Seizure prediction tries to figure out when a seizure is likely to happen. Some people have auras or other cues that let them know that a seizure is coming. Imagine a device that could provide that same warning to everyone. This is a hard but achievable goal. The clues may be more subtle and harder to see. We may need more data or new sensors, but we’re well on our way to developing them. When we figure it out, the warning it provides cold allow a person about to have a seizure to go sit down or get to a safe area. It could alert caregivers ahead of time so that they provide help before or during the seizure.

Training an Algorithm

Both seizure detection and seizure prediction use much of the same data but for different goals. The techniques used to learn the algorithm are similar, too. Data is collected from a group of people wearing different sensors. The data includes both seizure and non-seizure activity and it’s fed in to a computer with a label such as “seizure” or ”no seizure.” The computer learns the difference between the two and creates a model that can be used to look at new data to classify it as a “seizure” or ”not a seizure.” The more examples the algorithm sees, the better it gets at identifying the common traits in the data that are associated with a seizure.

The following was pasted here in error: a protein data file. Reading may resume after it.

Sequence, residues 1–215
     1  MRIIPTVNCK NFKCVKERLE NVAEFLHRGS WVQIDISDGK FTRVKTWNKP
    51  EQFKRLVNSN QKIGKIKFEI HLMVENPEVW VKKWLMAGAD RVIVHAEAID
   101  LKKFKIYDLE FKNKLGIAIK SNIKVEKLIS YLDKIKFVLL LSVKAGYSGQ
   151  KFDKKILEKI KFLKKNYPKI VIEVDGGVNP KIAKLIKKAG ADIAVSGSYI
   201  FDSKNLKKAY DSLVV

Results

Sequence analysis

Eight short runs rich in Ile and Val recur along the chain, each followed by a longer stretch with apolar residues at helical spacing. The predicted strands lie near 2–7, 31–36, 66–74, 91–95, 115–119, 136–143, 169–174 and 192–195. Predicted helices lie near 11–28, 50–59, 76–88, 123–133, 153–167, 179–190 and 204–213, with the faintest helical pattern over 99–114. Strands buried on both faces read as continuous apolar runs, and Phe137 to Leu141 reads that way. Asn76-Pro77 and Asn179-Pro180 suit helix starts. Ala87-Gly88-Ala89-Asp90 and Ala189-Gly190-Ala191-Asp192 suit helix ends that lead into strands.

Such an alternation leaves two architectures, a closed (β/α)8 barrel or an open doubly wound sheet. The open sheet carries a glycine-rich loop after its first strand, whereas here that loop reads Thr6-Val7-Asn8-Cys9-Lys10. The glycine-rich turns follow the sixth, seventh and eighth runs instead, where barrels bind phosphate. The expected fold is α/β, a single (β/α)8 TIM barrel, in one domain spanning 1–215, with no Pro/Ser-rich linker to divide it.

The process is similar to teaching an algorithm to identify a cat. You feed the system a bunch of examples of cats and it identifies that a cat has two eyes, to ears, a nose, and whiskers. It generalizes traits using a technique called induction. Once it generalizes the traits, it can use them to identify a cat that it has never seen before using those traits. This is called deduction.

The same approach happens with seizures. People and seizures are different. If we trained a model to look for a specific heart rate, it wouldn’t be useful because that would differ for everyone. Instead, we train a model to associate common changes that happen during a seizure. Then, when it sees the data coming in from sensors in a device, it looks for those similar markers to decide how to classify the data.

No Algorithm Is Perfect

As in the cat example, there are an infinite number of combinations of data points necessary to always get it right. We can’t practically train a model by showing it every angle of every cat that might exist. And we can’t give it data reflecting every possible seizure for every person. But we don’t have to. The magic of these algorithms is that they can do a pretty good job using subsets of the data. But that does mean they can make mistakes.